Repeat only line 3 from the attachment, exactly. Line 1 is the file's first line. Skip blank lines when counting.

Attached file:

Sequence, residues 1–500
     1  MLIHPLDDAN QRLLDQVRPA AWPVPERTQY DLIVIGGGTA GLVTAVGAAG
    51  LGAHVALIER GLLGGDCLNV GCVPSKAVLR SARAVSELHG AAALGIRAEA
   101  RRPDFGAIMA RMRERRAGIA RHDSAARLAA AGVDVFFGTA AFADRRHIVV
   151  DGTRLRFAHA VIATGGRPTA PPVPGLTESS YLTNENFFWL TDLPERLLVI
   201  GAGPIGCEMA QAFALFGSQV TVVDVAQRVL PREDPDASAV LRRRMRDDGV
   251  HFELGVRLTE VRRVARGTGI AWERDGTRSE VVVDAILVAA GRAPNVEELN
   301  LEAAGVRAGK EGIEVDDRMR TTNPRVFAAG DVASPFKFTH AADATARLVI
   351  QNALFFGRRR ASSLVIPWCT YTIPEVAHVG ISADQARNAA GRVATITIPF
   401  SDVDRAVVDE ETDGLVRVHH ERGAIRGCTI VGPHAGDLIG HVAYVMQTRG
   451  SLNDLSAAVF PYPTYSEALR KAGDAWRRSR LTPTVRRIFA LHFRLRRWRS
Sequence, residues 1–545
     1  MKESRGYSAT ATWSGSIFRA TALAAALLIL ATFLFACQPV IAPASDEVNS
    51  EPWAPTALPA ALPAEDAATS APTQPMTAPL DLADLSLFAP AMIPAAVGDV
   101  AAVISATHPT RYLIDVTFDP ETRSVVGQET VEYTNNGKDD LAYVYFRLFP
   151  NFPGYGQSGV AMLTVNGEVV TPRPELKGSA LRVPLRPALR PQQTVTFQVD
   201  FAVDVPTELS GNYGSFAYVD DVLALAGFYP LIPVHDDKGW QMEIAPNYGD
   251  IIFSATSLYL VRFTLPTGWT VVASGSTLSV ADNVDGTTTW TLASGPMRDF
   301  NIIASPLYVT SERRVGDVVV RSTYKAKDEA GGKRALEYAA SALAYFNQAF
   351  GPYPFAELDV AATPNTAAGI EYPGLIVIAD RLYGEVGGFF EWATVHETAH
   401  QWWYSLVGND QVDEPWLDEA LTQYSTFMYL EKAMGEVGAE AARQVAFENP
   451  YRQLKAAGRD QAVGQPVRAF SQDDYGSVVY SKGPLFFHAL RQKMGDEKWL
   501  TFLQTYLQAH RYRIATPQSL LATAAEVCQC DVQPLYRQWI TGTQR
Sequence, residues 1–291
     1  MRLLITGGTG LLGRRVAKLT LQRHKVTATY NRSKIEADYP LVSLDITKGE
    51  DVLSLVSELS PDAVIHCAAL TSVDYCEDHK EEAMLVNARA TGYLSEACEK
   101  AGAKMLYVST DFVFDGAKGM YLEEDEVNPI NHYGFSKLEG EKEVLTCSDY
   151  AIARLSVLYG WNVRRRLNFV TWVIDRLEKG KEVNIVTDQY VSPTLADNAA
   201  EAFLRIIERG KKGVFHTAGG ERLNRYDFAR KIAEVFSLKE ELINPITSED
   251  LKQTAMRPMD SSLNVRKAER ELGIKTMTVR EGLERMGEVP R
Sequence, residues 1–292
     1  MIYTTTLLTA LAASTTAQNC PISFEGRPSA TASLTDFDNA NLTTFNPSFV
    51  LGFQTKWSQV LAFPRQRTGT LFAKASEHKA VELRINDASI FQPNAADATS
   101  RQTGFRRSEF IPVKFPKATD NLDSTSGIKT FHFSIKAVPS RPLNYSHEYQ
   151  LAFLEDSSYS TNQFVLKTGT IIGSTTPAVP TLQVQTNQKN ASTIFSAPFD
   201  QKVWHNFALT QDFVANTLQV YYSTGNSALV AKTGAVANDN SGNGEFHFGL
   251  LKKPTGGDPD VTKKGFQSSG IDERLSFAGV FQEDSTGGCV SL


    51  LGAHVALIER GLLGGDCLNV GCVPSKAVLR SARAVSELHG AAALGIRAEA